We are indeed facing a ‘bottleneck’ scenario, with containers and space being the prime limited resource. In 2021, it is vital for shippers to book their loads well in advance in order to secure a spot on a vessel or an aircraft (especially before shipping peak season beginning around August).
Also read: FCL vs LCL Shipping: Which Should I Use?
2. Port congestion
Another critical factor behind rising shipping costs is congestion at both airport and ocean ports. The sharp demand outlined above has meant shipping ports have become more and more congested (especially in Asia) and a so-called ‘handling hell’ in some airports. Cargo flows throughout many of the world’s airports have been so chaotic, with one airport reporting a 113% increase in ramp activity.
For ocean vessels, this means that when ships arrive at a port, they cannot load or unload their goods because port capacity has already exceeded. They have to queue up and wait for their turn, creating pressure on shipping lines, port management, and cargo owners. For airports, it’s resulted in ground handlers overwhelmed with the amount of cargo that needs to be stored into a limited amount of aircraft (with many passenger aircraft only operating cargo flights).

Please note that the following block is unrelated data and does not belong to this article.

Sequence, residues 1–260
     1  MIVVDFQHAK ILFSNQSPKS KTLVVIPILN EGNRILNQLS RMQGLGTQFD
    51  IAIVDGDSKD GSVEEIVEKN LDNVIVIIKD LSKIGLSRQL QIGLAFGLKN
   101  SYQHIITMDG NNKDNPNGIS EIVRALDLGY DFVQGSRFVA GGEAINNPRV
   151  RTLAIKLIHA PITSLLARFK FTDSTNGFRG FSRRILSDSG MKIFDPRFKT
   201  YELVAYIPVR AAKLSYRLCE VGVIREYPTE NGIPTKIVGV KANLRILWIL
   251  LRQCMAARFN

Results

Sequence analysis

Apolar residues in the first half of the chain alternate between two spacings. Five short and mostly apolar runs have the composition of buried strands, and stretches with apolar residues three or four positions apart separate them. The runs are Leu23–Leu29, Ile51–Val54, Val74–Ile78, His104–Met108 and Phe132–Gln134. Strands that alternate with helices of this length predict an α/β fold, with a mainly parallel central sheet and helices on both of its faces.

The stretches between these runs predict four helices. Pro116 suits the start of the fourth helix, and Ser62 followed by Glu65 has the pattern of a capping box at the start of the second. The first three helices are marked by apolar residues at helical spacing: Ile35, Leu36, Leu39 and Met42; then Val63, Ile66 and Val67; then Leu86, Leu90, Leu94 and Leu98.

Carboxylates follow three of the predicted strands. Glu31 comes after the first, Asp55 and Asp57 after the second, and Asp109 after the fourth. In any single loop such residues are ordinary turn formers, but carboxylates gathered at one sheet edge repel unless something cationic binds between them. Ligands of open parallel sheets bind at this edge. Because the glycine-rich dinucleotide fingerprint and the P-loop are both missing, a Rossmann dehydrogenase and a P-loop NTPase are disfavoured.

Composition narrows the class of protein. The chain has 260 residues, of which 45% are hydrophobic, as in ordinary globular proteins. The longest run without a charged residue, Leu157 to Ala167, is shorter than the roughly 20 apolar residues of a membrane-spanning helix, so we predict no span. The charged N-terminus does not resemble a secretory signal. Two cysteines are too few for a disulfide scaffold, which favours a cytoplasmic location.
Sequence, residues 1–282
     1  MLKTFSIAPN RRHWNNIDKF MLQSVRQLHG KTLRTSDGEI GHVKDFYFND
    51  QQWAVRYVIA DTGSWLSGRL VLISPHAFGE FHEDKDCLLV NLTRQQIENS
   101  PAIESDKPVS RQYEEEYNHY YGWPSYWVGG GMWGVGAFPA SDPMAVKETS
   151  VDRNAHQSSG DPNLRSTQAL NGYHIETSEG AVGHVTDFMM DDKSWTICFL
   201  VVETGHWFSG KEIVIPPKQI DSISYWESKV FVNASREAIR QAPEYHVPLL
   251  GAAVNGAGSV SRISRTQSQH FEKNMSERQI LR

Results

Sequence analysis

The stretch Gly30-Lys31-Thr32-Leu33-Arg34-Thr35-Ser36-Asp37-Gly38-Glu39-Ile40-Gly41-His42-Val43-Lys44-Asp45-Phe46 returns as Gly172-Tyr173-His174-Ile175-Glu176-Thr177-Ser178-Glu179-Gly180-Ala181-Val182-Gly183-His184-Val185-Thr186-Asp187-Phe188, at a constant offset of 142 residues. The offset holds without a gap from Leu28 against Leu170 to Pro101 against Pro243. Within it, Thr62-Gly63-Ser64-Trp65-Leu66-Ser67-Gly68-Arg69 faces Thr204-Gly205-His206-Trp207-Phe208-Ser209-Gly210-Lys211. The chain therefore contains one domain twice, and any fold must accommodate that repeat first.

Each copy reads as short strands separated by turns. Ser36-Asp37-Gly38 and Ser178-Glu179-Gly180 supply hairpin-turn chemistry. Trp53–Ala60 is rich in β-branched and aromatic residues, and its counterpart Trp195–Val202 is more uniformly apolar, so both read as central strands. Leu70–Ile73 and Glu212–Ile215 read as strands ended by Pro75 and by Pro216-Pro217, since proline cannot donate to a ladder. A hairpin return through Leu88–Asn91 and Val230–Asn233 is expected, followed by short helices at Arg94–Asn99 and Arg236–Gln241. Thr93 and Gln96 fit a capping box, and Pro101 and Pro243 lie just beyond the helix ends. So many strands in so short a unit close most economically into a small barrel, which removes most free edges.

Carriers, therefore, suffer increased operational costs and resort to passing that cost onto consumers. It has led to some shipping lines charging a controversial ‘congestion fee’, including a $4342.11 “port congestion surcharge” in Australia. This was on top of the already mounting costs of customs clearance, freight charges, and access to ports.
There are also added costs with demurrage (when a cargo owner fails to load or unload their goods from a ship within an agreed time frame), which is strongly interwoven with port congestion. If you are shipping cargo, you have a certain number of ‘free’ days to return the container back to the carrier (usually 3-5 days). You may not make it due to port congestion and are charged demurrage for every late day that your container is at the port. We are seeing this happen more and more, especially amongst the presence of rising empty containers being stacked up in ports.